Codes & Standards

 

Essential to the work of the electrical contractor is knowledge of the National Electrical Code, the National Electrical Installation Standards and additional standards and codes administered by the National Fire Protection Association, the Occupational Safety and Health Administration and others. Here is a list of all our articles on codes and standards listed chronologically by issue date. 

Jim Dollard has an extensive background in codes and standards. If you have a query about the National Electrical Code (NEC), Jim will help you solve it. Questions can be sent to codefaqs@gmail.com. Answers are based on the 2014 NEC.
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I recently was asked to review a series of emails from a colleague about equipment requirements for ready access or, as defined in Article 100 and used within text in the National Electrical Code (NEC), as “readily accessible.” This phrase is used to describe the location of circuit breakers, for ex

What does the National Electrical Code (NEC) require when installing isolated/insulated grounding-type receptacles and auxiliary grounding electrodes?

Most of Article 240 in the National Electrical Code (NEC) provides general requirements for overcurrent protection and overcurrent protective devices not more than 1,000 volts (V), nominal. As a general rule, the overcurrent device rating shall not exceed the ampacity of a conductor.

More on Codes & Standards

 
Certifiably Good

Many of today’s electrical contractors are constantly trying to expand their offerings. In an effort to increase their marketability, these contractors are seeking certifications to broaden their knowledge base.

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Branch Circuits: Required Lighting Outlets, Part VI

210.70(A)(2) Lighting Outlets Required Branch circuit requirements are covered in Article 210 of the National Electrical Code. Part III of Article 210 covers required receptacle outlets and lighting outlets.

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Lamps in the Damp

Article 410 in the National Electrical Code (NEC) covers the installation of the wiring and the equipment forming the parts of lamps, luminaires (fixtures) and lampholders.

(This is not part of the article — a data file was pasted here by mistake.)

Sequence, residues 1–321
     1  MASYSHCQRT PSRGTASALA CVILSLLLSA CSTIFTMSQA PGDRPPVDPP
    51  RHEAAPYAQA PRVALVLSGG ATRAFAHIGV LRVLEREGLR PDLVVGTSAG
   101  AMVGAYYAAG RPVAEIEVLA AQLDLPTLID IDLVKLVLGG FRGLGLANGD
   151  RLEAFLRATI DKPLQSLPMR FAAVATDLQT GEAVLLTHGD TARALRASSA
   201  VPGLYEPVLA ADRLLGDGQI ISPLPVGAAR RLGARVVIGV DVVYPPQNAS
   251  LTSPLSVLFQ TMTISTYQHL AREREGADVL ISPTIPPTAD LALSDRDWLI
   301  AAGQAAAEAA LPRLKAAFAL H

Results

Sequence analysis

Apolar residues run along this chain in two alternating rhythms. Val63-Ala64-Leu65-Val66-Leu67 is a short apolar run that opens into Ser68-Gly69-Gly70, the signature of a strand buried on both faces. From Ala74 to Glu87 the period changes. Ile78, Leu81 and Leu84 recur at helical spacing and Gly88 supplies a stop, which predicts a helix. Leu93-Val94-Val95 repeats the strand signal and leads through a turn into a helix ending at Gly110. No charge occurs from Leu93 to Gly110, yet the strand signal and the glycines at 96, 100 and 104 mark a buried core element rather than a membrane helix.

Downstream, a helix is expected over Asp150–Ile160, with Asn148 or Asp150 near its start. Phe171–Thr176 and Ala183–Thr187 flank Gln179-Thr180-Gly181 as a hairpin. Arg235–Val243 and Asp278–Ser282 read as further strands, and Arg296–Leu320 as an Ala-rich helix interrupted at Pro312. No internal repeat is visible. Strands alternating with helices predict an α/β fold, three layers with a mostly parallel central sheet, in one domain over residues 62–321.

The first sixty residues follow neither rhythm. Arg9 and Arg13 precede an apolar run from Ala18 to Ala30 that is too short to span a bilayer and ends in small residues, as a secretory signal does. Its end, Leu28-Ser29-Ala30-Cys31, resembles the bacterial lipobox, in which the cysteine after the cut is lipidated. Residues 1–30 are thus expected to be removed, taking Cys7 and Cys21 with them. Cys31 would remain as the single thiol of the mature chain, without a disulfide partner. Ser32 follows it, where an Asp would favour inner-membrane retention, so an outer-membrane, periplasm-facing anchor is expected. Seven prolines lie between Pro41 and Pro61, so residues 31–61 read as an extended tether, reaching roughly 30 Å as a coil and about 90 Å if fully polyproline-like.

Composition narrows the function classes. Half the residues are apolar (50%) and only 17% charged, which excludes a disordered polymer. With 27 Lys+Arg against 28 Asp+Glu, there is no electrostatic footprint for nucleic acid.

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Branch Circuits: Required Lighting Outlets, Part IV

210.70(A)(2) Lighting Outlets Required Requirements specifying wall switch-controlled lighting outlets (or receptacles) are covered in 210.70. This section contains three subsections: dwelling units, guest rooms and other than dwelling units.

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Receptacles in Wall Spaces, Insulating Bushings an

CODE CITATIONS Article 210 Branch Circuits Article 220 Branch Circuits, Feeder and Service Calculations Article 250 Grounding Article 320 Armored Cable Article 410 Luminaires (Lighting Fixtures), Lampholders and Lamps Article 430 Motors, Motor Circuits and Controllers Volume 1 of the Fire Resistance

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New GFCI Technology Issues

The new type of GFCI employing the latest technology comes with a caveat that must be brought to our attention. Do not get the impression that if this type of receptacle is wired incorrectly that a person cannot be killed or injured.

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Branch Circuits: Required Lighting Outlets, Part III

210.70(A)(1) Lighting Outlets Required Lighting outlet requirements are covered in the last section of Article 210. Branch circuits supplying lighting outlets must be installed in accordance with the provisions in 210.70(A) through (C).

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